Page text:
Unlike most history texts, this one uses fictional stories to teach third graders about specific time periods. The stories follow young kids on adventures coming to the New World, living in the Colonies, settling the nation, and building the transcontinental railroad. Though the stories and characters are fictitious, they accurately represent events, people and living conditions of the period.
How Does This Work?
There are 12 units, each with a single story of three chapters. There is a one-page introduction to each unit that gives some historical detail, and one page at the end of the unit that describes an activity or procedure in more detail (topics include the making of cloth, building a birch bark canoe, etc.). Finally there is a list of review questions and suggestions for actitivies.
There is a supplementary test book and an answer key. Tests are to be taken after every second unit, and are all multiple choice fill-in-the-blank. The answer key provides answers to the in-text review questions, and to the test questions. If you don't plan on using the tests you probably won't need the answer key, since most of the review quesitons can be answered from the text or from the student's personal experience and circumstance.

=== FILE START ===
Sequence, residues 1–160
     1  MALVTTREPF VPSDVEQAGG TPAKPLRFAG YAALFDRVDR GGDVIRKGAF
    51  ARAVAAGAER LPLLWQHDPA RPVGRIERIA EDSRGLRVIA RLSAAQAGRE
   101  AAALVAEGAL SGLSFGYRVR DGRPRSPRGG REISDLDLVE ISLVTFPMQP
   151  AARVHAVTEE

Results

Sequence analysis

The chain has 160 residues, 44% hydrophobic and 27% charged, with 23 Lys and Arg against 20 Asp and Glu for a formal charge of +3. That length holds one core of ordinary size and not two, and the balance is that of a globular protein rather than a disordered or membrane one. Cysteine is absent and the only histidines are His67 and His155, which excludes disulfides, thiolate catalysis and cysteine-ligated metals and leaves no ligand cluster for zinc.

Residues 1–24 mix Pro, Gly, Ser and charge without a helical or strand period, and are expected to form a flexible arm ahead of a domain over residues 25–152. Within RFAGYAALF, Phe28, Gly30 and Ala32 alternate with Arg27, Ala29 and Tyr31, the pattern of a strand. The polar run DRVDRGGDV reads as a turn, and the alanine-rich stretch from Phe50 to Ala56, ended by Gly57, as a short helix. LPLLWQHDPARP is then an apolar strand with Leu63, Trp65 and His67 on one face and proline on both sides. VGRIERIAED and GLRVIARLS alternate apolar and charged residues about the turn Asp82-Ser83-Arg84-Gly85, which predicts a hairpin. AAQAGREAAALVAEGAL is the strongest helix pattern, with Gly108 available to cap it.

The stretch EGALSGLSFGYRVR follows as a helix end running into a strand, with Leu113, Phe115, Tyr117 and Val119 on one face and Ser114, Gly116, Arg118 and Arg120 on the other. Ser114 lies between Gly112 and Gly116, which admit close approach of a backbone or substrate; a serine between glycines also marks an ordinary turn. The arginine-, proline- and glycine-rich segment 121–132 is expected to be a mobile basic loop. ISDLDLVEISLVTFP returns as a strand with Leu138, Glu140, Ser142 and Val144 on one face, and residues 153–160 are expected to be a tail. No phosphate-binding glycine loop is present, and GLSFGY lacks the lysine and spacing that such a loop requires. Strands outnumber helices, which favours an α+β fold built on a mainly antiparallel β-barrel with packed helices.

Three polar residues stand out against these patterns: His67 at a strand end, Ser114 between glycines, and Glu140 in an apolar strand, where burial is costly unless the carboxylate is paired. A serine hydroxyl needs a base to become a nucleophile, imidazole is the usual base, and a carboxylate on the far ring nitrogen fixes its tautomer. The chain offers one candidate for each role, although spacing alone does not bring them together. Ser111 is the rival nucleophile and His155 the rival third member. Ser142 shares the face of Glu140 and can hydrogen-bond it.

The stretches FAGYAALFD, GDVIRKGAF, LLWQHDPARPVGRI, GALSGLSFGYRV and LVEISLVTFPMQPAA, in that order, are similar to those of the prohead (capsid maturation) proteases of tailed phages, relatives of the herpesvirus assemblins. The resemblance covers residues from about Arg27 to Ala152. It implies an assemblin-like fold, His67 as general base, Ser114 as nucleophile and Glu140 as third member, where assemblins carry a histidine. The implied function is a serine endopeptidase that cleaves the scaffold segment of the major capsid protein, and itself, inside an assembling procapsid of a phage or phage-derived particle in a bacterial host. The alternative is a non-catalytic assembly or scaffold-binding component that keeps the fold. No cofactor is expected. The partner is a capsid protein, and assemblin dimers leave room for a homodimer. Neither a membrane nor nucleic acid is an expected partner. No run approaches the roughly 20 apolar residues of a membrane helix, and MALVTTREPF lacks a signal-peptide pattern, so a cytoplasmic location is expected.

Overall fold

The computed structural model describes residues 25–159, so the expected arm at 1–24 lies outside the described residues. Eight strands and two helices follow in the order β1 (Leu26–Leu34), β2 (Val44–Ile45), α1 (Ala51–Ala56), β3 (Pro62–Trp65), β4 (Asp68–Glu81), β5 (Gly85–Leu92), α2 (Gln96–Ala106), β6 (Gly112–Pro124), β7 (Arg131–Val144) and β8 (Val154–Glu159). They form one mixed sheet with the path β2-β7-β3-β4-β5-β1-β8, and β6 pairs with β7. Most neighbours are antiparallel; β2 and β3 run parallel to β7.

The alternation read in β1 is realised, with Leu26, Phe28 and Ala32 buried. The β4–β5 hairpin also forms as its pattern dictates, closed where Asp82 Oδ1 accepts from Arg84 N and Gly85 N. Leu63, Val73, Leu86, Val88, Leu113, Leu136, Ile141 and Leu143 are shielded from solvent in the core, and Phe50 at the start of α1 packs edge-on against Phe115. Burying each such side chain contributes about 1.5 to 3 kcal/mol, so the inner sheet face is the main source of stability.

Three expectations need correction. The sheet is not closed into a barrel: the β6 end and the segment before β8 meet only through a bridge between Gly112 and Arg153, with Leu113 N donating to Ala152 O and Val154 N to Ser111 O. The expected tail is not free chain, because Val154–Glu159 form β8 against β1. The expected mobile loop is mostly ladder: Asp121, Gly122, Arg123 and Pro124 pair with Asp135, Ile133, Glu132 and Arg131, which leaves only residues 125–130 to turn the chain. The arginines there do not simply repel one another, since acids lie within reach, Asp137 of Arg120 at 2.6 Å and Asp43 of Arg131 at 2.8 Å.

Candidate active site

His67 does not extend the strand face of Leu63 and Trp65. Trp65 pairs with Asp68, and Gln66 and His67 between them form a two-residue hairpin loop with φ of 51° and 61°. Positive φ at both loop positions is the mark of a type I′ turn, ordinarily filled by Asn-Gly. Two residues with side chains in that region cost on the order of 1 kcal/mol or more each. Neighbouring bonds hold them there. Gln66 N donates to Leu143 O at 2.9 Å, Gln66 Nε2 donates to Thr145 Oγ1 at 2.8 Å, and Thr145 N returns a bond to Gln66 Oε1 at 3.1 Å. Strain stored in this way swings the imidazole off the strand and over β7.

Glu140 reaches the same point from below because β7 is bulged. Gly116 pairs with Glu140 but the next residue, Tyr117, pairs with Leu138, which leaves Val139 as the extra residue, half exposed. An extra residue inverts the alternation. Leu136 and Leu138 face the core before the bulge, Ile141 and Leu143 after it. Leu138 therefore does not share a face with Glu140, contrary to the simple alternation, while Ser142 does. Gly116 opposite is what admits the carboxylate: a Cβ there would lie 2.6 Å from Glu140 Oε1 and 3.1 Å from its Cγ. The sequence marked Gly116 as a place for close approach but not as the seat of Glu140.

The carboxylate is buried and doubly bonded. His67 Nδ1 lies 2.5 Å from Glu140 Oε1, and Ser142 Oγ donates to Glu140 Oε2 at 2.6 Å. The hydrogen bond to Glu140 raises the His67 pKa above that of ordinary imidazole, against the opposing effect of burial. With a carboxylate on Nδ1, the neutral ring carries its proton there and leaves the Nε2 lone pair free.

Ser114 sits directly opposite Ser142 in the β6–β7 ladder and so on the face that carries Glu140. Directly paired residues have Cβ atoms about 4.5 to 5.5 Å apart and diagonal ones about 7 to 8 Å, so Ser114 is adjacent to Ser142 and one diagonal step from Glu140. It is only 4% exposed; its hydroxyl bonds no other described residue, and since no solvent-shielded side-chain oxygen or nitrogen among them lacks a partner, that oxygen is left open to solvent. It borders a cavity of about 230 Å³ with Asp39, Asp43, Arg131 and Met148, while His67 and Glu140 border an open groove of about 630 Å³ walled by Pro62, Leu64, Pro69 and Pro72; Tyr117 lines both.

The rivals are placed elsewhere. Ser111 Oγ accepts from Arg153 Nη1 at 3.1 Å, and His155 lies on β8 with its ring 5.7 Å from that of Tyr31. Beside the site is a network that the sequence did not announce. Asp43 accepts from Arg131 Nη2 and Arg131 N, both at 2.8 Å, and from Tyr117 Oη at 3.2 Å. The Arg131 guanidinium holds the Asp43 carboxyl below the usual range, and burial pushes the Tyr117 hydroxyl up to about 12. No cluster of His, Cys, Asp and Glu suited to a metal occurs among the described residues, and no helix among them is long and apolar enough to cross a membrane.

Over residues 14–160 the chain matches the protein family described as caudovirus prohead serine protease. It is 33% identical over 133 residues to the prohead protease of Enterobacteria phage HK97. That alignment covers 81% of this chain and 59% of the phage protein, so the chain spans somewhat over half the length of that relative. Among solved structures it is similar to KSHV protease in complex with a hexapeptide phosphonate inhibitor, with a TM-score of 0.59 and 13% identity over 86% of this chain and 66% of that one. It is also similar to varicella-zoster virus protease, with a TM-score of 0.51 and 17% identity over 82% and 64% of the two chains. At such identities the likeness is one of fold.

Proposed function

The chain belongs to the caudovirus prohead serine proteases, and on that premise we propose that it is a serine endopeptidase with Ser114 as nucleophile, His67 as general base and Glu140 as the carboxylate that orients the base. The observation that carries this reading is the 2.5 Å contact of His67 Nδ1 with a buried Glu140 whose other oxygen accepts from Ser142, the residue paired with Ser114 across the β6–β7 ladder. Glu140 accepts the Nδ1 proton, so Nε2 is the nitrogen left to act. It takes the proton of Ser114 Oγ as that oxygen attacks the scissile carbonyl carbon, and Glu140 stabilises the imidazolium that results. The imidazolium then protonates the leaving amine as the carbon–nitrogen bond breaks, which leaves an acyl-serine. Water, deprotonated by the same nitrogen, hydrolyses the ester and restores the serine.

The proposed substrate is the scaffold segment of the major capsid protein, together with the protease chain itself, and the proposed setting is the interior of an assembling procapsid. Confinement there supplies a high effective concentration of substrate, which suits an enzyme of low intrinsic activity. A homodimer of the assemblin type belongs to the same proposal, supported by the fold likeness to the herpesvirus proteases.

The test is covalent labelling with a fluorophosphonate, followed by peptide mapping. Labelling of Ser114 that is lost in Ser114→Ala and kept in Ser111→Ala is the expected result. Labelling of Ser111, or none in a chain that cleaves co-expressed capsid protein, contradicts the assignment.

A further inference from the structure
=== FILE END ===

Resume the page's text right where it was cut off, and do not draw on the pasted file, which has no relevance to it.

There aren't a lot of dates and names in the stories. This is strictly American history, from pre-colonial Spanish immigration to the late nineteenth century and the laying of the first transcontinental railroad. Students are meant to acquire a feel for the various time periods, and to see that children as well as adults played a large part in history. The writing isn't Pulitzer-winning, but it will certainly keep the attention of third graders, as will the color and black and white drawings. Don't use this for higher grades, however—both the approach and the style will most likely put older kids off.
At third grade it probably isn't too important that your student's history text doesn't have lots of "real" history. The story format, which is heavy on dialogue, will even draw in many kids who are predisposed against the subject. This could be a good choice if you've slogged through a more traditional text for first and second grade and want a breather before plunging into more advanced material, or if you're looking for something to kickstart your young child's interest in history.
Did you find this review helpful?